News Release USDL 97-241
Friday, July 18, 1997
CONTACT: Frank Kane, (202) 219-8151
Longshoring Regulations Undergo Most Sweeping Overhaul
In 30 Years
Labor Secretary Herman Releases First Rules of Her Tenure
As many as 1,300 injuries may be avoided and several lives
saved each year in American ports under a sweeping update of
safety rules aimed at protecting workers in longshoring and
marine terminal work, Secretary of Labor Alexis M. Herman
The new rules, issued by the Occupational Safety and Health
Administration (OSHA), are expected to save more than 30,000 lost
work days each year, reducing the expenses employers incur to pay
for these injuries by several million dollars annually.
"These new regulations give us an opportunity to protect
workers against the hazards associated with new technology for
cargo-handling," Secretary Herman said. "Labor and management in
the industry -- including small employers -- worked with OSHA to
develop a solid consensus in support of these new rules."
Secretary Herman and Acting Assistant Secretary of Labor for
Occupational Safety and Health Gregory R. Watchman will sign the
new rules today during a ceremony in the Department of Labor with
representatives of unions and management in the industry. They
are the first worker safety rules issued since Herman became
Secretary of Labor in May.
Watchman noted that OSHA had been using standards for
longshoring that dated back to the 1960's. Conditions in the
industry have changed dramatically since then.
Cargo handling has become more capital intensive and
mechanized in the last 20 years. New technologies include
intermodalism, which describes the transfer of cargo from
one mode of transportation to another, such as from rail to ship;
containerization, the use of large containers for the
cargo; and roll-on, roll-off ships, vessels where the
cargo can be driven on or off the vessel on ramps and moved
within the vessel on ramps or elevators.
Although the weight of transported cargo (U.S. exports and
imports) remained unchanged between 1980 and 1990, the amount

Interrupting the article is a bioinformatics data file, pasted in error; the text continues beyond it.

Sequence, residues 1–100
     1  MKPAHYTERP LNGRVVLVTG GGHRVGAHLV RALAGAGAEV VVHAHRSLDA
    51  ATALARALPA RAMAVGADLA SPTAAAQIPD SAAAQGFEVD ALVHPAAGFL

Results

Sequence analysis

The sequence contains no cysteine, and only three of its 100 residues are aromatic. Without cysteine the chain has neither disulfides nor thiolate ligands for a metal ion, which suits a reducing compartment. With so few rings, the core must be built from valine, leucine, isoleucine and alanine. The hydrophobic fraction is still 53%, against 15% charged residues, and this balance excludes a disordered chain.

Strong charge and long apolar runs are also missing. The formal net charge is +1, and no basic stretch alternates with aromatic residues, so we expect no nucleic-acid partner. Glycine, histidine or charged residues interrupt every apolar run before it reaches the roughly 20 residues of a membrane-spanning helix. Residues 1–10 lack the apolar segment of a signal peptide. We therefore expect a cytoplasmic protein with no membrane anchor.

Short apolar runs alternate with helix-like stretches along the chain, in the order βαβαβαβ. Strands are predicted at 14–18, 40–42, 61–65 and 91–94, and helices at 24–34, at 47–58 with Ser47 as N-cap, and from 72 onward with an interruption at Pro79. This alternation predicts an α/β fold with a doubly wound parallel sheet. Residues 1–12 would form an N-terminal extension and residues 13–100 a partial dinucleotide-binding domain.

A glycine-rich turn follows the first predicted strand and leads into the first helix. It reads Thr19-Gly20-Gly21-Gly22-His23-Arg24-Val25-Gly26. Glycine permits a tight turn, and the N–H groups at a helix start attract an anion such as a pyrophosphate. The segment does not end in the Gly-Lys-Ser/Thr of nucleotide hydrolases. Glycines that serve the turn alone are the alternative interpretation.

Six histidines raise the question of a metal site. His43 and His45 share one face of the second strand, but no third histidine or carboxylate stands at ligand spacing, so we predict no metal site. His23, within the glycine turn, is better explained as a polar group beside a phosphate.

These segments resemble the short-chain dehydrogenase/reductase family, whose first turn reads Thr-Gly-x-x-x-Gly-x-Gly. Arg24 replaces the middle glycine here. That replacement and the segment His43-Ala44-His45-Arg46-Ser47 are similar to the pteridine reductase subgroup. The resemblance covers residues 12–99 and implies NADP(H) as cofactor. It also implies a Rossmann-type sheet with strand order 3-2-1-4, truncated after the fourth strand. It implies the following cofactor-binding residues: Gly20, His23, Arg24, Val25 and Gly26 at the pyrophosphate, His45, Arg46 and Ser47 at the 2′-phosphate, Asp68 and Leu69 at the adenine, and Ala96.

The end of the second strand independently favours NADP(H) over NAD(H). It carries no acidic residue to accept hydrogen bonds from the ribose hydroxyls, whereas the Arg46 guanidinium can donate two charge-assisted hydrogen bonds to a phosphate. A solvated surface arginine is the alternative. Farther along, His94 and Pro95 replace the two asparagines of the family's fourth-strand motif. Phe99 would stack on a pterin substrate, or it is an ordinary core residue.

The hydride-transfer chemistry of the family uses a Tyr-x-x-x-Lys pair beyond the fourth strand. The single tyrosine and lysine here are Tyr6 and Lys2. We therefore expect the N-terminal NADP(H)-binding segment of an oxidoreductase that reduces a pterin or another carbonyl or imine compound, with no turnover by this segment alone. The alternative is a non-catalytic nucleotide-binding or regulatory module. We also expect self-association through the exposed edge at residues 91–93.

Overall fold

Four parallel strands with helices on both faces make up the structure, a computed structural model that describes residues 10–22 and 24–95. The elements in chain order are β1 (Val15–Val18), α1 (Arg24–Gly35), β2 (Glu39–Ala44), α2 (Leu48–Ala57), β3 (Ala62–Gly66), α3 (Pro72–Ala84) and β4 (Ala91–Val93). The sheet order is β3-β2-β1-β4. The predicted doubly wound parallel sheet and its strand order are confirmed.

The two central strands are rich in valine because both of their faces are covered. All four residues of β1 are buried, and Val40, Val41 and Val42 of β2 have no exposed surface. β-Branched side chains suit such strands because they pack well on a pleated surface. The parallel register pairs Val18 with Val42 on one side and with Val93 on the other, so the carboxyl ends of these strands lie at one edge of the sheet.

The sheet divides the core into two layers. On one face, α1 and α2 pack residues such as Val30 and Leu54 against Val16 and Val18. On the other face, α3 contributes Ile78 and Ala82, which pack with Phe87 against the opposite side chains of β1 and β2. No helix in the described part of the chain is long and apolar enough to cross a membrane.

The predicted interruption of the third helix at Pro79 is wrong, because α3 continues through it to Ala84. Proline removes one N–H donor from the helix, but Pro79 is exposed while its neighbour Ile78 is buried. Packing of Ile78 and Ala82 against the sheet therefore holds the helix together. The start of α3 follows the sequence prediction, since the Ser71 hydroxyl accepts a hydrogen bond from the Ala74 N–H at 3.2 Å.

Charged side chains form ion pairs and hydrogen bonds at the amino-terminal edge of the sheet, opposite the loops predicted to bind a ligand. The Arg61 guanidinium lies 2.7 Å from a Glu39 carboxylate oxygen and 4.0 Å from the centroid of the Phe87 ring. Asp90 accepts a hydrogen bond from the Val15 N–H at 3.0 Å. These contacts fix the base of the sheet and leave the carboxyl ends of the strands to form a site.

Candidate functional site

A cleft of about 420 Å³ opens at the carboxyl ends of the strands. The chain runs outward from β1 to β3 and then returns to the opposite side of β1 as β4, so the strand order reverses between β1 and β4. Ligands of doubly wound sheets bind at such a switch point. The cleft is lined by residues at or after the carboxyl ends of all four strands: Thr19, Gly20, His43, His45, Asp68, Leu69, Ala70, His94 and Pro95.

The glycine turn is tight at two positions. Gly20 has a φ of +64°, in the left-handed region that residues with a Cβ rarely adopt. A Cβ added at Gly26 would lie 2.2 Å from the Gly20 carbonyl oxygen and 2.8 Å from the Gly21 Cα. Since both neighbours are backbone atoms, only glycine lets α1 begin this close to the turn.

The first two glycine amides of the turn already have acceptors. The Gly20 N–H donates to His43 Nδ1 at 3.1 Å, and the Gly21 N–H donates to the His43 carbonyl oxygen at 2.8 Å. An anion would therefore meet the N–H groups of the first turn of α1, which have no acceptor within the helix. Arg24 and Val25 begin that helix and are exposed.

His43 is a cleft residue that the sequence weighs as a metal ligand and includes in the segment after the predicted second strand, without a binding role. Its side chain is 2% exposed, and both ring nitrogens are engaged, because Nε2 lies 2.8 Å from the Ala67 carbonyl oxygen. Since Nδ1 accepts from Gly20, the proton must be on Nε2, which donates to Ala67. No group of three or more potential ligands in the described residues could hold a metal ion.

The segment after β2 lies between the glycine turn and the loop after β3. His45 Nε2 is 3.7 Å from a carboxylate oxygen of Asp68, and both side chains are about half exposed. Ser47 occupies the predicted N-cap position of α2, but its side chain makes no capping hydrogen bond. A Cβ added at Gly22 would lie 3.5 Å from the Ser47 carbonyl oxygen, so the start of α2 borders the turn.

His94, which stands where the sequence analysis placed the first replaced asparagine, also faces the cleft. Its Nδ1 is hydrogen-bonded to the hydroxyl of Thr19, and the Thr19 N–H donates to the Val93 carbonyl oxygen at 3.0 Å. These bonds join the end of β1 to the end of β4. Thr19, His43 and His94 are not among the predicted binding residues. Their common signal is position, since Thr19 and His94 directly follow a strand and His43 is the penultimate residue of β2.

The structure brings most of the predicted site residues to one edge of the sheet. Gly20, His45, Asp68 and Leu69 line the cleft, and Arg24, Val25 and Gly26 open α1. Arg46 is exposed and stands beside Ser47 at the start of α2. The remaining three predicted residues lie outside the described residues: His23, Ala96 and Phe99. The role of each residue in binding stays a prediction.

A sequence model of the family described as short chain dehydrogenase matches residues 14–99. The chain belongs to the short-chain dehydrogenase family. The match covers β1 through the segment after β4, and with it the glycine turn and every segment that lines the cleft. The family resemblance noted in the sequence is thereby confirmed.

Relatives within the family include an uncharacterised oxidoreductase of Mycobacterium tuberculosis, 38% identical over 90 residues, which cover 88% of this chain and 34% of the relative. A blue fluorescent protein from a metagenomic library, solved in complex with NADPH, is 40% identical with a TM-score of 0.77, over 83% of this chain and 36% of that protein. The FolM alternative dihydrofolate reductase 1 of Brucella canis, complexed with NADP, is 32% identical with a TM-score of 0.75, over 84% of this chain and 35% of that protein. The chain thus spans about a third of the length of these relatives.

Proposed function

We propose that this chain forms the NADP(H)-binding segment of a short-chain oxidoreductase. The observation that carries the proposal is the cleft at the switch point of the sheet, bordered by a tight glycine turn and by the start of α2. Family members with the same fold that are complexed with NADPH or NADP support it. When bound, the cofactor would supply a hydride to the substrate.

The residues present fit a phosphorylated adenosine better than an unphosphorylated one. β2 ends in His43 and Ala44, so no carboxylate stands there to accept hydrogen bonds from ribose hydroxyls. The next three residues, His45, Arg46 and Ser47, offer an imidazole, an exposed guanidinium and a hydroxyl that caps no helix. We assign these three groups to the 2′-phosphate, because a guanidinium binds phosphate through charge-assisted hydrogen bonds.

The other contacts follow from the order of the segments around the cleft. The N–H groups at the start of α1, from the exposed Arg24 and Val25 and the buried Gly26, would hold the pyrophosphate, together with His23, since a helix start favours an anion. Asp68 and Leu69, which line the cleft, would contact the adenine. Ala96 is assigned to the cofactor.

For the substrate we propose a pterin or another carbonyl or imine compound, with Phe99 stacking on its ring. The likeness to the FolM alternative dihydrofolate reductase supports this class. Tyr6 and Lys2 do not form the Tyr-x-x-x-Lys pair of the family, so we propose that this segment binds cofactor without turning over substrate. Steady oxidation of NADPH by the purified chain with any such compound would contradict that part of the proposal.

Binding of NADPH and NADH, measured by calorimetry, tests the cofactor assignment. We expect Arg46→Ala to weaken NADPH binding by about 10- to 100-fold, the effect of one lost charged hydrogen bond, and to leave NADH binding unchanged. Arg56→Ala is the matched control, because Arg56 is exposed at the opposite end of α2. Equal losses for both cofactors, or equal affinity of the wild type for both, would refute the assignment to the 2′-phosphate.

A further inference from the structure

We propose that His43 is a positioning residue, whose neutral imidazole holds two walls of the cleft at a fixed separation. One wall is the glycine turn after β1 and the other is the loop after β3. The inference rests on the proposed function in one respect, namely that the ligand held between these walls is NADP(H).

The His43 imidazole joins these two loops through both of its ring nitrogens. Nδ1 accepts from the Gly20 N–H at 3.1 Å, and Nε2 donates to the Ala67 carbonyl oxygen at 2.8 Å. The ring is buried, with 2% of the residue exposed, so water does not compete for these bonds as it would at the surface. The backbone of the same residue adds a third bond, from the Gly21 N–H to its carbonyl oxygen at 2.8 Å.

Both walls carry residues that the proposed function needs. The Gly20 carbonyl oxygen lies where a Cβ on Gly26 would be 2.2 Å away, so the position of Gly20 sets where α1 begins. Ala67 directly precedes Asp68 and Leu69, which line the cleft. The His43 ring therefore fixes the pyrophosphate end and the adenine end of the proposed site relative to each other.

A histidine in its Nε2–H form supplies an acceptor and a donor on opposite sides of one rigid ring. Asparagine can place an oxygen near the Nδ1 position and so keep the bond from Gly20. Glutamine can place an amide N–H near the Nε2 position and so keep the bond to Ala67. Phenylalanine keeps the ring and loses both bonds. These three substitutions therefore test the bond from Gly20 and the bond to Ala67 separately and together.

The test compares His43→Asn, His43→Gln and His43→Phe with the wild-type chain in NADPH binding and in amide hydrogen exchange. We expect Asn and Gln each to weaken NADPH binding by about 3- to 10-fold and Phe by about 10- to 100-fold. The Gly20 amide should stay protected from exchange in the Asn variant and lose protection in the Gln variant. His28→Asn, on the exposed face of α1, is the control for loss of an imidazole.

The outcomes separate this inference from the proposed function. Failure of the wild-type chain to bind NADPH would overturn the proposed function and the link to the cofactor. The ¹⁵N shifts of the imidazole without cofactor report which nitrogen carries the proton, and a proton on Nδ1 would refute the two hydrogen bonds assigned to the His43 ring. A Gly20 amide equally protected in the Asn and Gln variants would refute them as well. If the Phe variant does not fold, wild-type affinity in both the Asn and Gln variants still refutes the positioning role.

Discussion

shipped via intermodal containers more than doubled.
Changes in cargo transport technology have altered risks
that employees face on the docks and aboard ships. Mechanization
has reduced injuries due to overexertion and lifting, but new
risks have arisen, such as falls from containers stacked as high
as 60 feet or being struck by forklifts and tractor trailers
The entire set of longshoring standards has been modernized.
OSHA also amended parallel sections of the standards for
marine terminals to provide regulatory consistency between
shipboard and shoreside operations.
In addition to protecting workers against hazards posed by
new technology, the new regulations also permit OSHA to conform
to international shipping requirements. Ships that call on U.S.
ports are essentially work sites built to international
standards. OSHA's former longshoring rules referenced an
International Labor Organization (ILO) convention adopted in
1932. The new rules reference an ILO convention adopted in 1979
with requirements that will provide greater protection to workers
and address modern cargo handling methods.
OSHA estimates that the annual additional cost of compliance
will amount to about $3.1 million, but the economic savings due
to injuries that are avoided will be about $7 million annually,
resulting in a net savings of almost $4 million.
Organizations that worked with OSHA on the rules included
the International Longshoremen's Association, the International
Longshoremen's and Warehousemen's Union, the National Maritime
Safety Association, American Association of Port Authorities, the
Pacific Maritime Association, the International Cargo Handling
Coordination Association, the International Maritime
Organization, and the International Standards Organization.
OSHA plans an extensive outreach program that includes
development of training materials and training sessions in every
major port that will involve training OSHA and state inspectors,
employers, workers, and Coast Guard personnel.
States with their own OSHA-approved occupational safety and
health programs whose plans cover the issues of maritime safety
and health must revise their existing standard within six months
of the publication date of the final standard or show OSHA why
there is no need for such action because an existing state